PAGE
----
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Help Desk, Customer Service, Cloud & Security Insights, with a Side of Altruism!

Calculating ROI For Knowledge Base Cloud Software

Calculating ROI For Knowledge Base Software

Knowledge Management is the ongoing process of capturing, optimizing, and delivering information. It is not a one-time purchase of a new support center tool. Therefore to calculate the Return On Investment (ROI), you need to evaluate the cost of implementation and the cost of management. Quantifying the benefits in dollars can be difficult.

Most managers are able to forecast the costs, but struggle to forecast the savings. Companies struggle to put a value on customer satisfaction, job satisfaction, quality service, or even the intellectual capital that is captured into the knowledge base. In addition, before you can forecast an improvement, you have to know where you are. Some knowledge management vendors can help.

This free white paper demonstrates how to calculate future savings in dollars as a result of:

  • Reducing the average call time in your call center
  • Increasing the first call resolution rate
  • Reducing the escalation rate
  • Reducing the training time of a new support person


See to access white paper.

SOX Compliant IT Change Management Cloud Software

The current business climate of fast paced change requires IT service providers to deliver products and services at a justifiable cost without negative impacts to the infrastructure and end user. To compete in the global marketplace, IT service professionals are required to manage their infrastructure using an end to end holistic approach to deliver reliable service on a consistent basis.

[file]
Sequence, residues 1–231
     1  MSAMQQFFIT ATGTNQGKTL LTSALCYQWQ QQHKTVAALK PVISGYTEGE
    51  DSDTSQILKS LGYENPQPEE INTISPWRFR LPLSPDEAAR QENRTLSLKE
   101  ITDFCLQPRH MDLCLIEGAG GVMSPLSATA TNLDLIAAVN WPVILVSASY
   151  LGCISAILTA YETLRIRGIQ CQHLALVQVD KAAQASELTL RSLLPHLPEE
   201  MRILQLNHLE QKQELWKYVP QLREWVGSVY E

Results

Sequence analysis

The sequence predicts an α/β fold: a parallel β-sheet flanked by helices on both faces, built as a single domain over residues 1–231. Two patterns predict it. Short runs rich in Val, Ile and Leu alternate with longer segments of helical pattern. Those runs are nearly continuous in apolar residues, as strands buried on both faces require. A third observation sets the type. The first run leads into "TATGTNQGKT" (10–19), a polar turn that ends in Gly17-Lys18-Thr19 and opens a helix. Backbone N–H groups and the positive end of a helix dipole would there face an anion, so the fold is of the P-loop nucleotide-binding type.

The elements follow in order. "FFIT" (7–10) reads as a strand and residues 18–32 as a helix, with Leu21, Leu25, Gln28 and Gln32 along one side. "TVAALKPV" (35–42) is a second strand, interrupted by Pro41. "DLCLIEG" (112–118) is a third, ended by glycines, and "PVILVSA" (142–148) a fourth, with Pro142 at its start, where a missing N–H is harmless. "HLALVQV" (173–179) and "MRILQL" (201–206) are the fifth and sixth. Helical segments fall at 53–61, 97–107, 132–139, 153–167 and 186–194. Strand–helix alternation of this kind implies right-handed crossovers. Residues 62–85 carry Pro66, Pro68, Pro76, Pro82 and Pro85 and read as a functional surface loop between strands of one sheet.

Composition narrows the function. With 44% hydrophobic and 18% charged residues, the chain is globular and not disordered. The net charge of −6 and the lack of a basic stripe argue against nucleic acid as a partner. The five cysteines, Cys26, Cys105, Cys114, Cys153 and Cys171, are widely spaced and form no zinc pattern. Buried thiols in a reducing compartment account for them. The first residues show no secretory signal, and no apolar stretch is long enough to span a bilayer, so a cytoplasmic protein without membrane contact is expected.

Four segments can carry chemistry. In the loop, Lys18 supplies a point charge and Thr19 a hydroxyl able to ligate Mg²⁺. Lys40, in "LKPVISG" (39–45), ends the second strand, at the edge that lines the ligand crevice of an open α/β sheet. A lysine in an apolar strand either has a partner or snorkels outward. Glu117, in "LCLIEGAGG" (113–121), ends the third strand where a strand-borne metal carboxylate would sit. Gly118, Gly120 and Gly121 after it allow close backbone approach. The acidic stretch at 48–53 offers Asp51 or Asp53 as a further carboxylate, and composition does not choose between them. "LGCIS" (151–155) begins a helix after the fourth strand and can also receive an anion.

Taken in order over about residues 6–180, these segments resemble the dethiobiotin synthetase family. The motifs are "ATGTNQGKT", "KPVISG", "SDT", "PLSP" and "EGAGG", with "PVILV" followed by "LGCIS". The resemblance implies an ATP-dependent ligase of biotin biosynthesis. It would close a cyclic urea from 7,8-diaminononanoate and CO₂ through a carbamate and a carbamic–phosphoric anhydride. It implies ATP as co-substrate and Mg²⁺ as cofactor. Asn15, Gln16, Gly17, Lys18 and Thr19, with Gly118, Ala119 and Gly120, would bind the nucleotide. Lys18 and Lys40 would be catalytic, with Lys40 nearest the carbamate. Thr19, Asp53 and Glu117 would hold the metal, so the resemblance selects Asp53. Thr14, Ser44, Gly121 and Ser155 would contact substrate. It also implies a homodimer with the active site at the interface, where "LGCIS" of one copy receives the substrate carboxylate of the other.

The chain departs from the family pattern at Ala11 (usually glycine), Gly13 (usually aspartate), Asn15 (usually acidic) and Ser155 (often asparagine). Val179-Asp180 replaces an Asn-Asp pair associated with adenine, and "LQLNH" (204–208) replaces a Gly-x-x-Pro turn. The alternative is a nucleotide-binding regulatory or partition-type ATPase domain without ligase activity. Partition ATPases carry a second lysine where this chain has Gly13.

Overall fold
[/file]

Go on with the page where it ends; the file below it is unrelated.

Many organizations of all industries have implemented ITIL to effectively compete. Of the multiple ITIL processes, Change Management is considered difficult to implement but often shows the greatest return on investment. If you are beginning a change management process here are a few questions to consider. They will aid you in your Change Management planning and implementation process.

· How to start a Change Advisory Board?

· Is a tool required before we can start?

· Do we need a Change Coordinator?

· What metrics should be created?

· How do we involve the business customers in the process?

· How do we initiate a post-implementation review process?


Click the following for a demonstration of Giva's Hosted Change Management software.

RFC Dashboard-IT Change Management Cloud Software

Giva recently launched a new User Interface for our Giva eChangeManager.  See a demo at Hosted Change Management Software.

A hosted change management solution offers a lower total Cost of Ownership.

Giva eChangeManager starts with a simple home page.

  • Submit a new change request, by clicking on “Create New RFC”
  • Search for RFCs by typing in keywords or an RFC number in the “Find RFC” tab or use the mini search in the main navigation on each page.
  • RFCs Waiting For Approvel by the Change Manager and others are quickly accessed.
  • Recent and Upcoming RFCs 30 days in the past or scheduled for 30 day into the the future are quickly accessed.
  • Optional Knowledgebase tab is also available for more advanced organizations where standard documents and files such as Implementation, Test and Backout Plans are stored for easy reuse.
  • Giva’s outstanding Reports are quickly accessed from each page in the main navigation.

High Cost of IT Change Related Failures

The Gartner Group published a report several years ago that stated that 87% of calls into a typical company's helpdesk were the result of change-related failures. The Help Desk Institute determined that the support industry standard cost per contact is between $15 and $30. If your support organization averages 1500 service requests a month, using Gartner’s 87% figure and $25 per contact, the cost of change related failure requests is an astounding $391,500 annually!